Question Authority: Karl Watson

By: | Wednesday, June 8, 2005 //

Question Authority

Karl Watson

Dear, Karl,
I always hear a lot about style, and you seem to have a lot of it. Sometimes I have a hard time defining what style is. In your opinion, what is style and what makes good versus bad style? Is it something you’re born with or do you have to work on it? Whose style did you like when you started skating? Is there anyone’s style you’ve always tried to copy? I’ve been skating for a few years, and every time I film and look at the footage, I’m not too stoked on my stee-lo. What can I do to improve it?
Jimmy Hildenbrook
Phoenix, AZ


What’s up, Jimmy?
Thank you for the nice words. To me, style can be expressed in many different ways. You can be a skater who wears the tightest pants and a ripped shirt or one who wears big pants and no shoelaces and have amazing style either way. When I see somebody with good style, I’m not afraid to let them know. I’ll say, “Man, you’ve got a tight style,” then go about my business.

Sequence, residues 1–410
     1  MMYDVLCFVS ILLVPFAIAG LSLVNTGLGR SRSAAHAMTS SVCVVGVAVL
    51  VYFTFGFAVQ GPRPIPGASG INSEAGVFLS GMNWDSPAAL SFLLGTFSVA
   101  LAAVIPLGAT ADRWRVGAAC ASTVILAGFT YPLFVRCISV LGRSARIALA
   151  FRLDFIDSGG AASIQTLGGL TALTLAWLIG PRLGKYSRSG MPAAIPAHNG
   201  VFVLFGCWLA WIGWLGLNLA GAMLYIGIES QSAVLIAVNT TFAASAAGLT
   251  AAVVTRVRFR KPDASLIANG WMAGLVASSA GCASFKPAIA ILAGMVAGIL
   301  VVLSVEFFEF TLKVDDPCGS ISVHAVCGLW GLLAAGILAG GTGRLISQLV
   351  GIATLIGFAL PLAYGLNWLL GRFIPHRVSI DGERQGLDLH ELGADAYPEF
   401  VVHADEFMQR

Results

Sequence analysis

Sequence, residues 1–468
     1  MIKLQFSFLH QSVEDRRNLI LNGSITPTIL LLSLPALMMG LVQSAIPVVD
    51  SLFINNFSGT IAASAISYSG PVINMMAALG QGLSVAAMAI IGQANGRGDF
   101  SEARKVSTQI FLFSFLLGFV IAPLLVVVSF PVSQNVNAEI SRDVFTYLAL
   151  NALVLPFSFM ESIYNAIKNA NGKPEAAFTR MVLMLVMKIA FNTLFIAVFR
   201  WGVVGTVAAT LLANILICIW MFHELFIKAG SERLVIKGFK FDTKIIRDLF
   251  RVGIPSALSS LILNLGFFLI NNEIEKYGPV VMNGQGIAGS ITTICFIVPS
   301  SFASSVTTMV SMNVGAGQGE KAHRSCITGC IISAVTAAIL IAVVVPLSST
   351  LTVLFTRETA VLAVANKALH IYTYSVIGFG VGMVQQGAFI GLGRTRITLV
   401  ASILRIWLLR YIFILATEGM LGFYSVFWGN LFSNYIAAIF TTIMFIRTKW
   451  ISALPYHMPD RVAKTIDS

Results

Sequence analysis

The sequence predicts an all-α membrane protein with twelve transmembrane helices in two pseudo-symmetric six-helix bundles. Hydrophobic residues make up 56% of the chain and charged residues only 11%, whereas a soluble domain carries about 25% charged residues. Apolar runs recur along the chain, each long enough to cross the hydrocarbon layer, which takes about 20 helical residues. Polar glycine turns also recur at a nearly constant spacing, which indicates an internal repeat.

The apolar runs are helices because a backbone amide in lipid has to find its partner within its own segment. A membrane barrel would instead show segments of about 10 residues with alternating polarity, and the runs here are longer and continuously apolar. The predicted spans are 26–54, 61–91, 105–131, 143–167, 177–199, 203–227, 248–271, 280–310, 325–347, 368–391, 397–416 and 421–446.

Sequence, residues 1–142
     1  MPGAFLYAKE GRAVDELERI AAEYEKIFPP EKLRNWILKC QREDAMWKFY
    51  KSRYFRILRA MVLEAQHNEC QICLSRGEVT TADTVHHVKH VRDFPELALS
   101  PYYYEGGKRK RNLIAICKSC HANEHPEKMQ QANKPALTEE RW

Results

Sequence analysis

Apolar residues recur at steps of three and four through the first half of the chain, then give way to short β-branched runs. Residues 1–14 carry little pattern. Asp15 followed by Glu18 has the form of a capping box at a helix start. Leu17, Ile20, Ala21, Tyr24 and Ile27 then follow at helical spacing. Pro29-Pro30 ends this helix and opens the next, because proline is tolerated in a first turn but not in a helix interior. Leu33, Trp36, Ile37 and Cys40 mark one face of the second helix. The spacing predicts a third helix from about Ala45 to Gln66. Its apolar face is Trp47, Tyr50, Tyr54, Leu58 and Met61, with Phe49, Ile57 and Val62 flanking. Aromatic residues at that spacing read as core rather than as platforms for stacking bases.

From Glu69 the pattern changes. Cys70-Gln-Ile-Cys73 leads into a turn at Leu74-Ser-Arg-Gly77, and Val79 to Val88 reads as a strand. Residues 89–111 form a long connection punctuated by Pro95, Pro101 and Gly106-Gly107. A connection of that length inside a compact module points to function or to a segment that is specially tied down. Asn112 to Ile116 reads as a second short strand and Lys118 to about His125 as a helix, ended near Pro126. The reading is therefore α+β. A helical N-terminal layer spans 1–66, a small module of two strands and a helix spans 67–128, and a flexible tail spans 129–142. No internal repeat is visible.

It’s hard to define good or bad style. I myself am very open-minded about it. I like when people have original styles that aren’t copied from anyone else. When I was a young lad, I was highly influenced by the styles and skating of Tommy Geurerro and Ray Barbee and would always try to mimic them. I wouldn’t say I copied them; I was more influenced by them. It was the feeling I got when I thought about them and how much fun they looked like they were having on their boards. They would just skate down the street and do tricks with so much style; it really stoked me out. Even today when I watch some of those classic videos with those two legends in it, I get the same feeling.
Basically, the best style comes from not worrying about how you look and just concentrating on the task at hand—being one with your skateboard. When I was a kid, growing up with the EMB crew, I knew I had a funny style, but I just kept skating and practicing. I honestly didn’t like the way I skated. If somebody came from the future and told me I would be a pro skater, I would have thought they were crazy. But I grew out of that self-doubt and realized that we are all children of the universe, and like every snowflake we each are unique in our own way. My advice to you is to keep skating and have fun. Good style comes from constantly skating, so be patient and keep on ripping it up, my friend. —Karl

Related Posts:

  • No Related Posts

Comments